At forty, Pepita gave birth to another son, Frederic, but both mother and baby survived only a few days. According to Vita’s account in her book ‘Pepita’, Lionel broke down at seeing Pepita and the baby laid out together. He blamed himself for her death, sobbing that he had killed her, presumably because he had fathered the child when Pepita was an older mother. As if fuelled by guilt, from that point on Lionel seemed to refer freely and publicly to Pepita as his wife; she is named as such in the funeral invitations, letters and in the notices in the local paper. Ironically, only in death did Pepita receive the acknowledgement of their relationship that she had craved through their many years together. She was buried, as Lionel’s wife, in the municipal cemetery above the town. Béon and his mother took care of the five children, supported financially by Lionel, who referred to him at the time as a ‘dear friend’.

The consequences of Lionel and Pepita’s unconventional liaison rumbled on decades after Pepita’s death. Lionel’s nephew (confusingly another Lionel) had inherited Knole in the absence of a ‘legitimate’ son. Henry brought a case that sought to prove that Pepita had been secretly married to Lionel, that he, Henry, had been registered as Lionel’s child and that he was therefore the male heir. The scandal caught the public imagination to the extent that a drama was shown, catchily named ‘The Marriages of Mayfair’ that was a thinly veiled reference to the Sackville-West affair. For Henry and the court case however, it was impossible to cast doubt on the legality of Pepita’s marriage to De Oliva, that had in fact continued throughout Pepita and Lionel’s affair. Henry lost the case and Knole continued in the hands of the accepted line of Sackville-Wests.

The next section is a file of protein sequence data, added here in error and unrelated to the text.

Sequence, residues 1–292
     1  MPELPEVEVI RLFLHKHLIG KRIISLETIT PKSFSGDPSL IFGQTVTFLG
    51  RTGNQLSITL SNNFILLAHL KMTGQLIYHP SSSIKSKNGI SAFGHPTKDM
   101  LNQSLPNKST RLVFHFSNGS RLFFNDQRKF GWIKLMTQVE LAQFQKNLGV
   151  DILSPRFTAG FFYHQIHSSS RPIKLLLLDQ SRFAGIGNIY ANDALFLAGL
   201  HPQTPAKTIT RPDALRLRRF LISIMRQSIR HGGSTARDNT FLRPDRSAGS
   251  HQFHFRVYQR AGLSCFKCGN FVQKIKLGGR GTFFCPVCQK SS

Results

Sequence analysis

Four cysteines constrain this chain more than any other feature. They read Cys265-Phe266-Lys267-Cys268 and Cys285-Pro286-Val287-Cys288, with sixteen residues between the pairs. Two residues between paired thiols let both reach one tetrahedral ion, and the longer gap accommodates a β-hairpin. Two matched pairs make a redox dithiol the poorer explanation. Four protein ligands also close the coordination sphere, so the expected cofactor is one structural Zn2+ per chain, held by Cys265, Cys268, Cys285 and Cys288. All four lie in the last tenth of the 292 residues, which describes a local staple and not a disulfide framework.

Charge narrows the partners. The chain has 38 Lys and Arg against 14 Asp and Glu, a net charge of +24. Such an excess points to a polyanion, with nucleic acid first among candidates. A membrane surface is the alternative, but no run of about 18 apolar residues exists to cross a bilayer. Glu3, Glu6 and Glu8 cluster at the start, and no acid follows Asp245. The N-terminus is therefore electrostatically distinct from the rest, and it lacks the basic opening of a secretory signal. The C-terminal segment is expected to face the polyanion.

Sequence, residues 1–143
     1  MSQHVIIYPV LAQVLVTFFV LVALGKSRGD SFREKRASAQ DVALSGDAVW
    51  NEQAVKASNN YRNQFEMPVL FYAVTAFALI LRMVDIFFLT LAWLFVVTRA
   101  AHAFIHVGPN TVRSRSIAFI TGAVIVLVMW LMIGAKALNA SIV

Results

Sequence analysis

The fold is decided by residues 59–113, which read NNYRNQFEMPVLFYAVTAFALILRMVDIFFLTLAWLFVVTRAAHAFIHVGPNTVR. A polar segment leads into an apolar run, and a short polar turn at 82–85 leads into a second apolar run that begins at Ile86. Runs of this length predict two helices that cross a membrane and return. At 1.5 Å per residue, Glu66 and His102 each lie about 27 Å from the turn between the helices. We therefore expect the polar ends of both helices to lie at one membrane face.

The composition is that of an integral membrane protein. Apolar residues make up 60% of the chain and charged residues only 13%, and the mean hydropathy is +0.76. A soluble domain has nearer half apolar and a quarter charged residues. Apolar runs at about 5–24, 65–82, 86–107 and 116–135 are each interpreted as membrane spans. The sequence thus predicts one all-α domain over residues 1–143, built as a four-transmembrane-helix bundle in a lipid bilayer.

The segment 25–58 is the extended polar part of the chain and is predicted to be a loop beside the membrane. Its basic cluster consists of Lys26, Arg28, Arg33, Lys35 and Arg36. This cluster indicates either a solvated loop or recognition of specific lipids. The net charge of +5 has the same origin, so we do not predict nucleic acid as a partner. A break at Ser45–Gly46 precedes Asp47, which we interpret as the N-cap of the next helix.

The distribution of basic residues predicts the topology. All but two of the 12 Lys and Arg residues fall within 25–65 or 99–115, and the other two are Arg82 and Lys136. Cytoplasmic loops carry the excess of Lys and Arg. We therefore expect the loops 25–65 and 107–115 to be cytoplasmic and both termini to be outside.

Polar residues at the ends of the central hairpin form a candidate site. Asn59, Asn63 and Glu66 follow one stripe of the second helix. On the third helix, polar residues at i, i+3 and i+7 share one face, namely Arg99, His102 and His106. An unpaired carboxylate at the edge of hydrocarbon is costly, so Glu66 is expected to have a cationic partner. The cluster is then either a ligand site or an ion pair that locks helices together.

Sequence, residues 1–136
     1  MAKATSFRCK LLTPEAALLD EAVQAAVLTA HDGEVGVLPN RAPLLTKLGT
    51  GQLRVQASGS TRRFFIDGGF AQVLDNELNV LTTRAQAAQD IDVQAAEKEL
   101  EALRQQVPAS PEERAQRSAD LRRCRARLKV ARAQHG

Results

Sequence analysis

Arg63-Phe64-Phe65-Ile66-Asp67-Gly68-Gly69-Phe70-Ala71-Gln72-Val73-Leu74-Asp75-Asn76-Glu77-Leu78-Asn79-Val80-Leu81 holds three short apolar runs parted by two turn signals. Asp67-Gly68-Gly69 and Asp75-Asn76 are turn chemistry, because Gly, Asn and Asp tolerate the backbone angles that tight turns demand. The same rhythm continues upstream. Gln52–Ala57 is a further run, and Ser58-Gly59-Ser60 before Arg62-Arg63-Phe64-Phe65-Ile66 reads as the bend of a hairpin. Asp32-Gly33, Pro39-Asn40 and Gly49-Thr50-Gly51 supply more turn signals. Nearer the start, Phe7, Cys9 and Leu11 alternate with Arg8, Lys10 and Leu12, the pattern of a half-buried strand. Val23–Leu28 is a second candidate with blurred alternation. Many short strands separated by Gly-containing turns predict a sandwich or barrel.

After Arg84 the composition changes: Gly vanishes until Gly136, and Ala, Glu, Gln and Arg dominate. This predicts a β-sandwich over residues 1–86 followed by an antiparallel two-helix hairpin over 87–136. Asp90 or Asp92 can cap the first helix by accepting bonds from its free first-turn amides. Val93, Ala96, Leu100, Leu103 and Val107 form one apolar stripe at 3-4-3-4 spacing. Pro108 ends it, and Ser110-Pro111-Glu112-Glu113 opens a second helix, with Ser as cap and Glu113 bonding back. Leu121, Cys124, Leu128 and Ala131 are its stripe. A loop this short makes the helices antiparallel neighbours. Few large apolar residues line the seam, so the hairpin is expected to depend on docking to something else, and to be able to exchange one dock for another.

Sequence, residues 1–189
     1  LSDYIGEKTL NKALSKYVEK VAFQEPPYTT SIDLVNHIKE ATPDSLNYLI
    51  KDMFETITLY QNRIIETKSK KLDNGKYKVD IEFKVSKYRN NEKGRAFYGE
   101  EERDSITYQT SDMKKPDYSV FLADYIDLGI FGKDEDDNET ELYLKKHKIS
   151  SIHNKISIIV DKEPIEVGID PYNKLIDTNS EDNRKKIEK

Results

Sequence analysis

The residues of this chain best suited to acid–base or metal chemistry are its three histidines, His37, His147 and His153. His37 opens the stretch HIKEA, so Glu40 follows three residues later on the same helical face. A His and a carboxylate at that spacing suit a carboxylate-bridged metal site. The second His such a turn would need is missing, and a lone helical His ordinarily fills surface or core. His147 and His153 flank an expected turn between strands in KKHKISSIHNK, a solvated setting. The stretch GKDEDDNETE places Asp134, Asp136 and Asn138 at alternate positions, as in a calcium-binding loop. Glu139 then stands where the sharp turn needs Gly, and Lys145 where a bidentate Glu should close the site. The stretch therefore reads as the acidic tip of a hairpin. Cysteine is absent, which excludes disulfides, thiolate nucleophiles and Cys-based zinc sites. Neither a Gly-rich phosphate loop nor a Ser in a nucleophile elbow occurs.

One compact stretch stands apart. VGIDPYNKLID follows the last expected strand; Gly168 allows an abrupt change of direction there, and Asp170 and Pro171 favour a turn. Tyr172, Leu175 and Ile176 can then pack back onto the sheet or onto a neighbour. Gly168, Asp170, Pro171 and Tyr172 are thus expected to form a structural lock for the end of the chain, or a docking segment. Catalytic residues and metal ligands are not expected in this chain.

To find out more about the Sackville-Wests:  'The Disinherited' by Robert Sackville-West
 'Vita - the Life of Vita Sackville -West' by Victoria Glendinning

 Visit Knowle (National Trust)
 Visit beautiful Sissinghurst (National Trust)

1 comment:

Andrew Preston said...

If this had been Dave at the Dog and Duck, and Sharon from the lap dancing club down the road.... would anyone have really been that bothered ?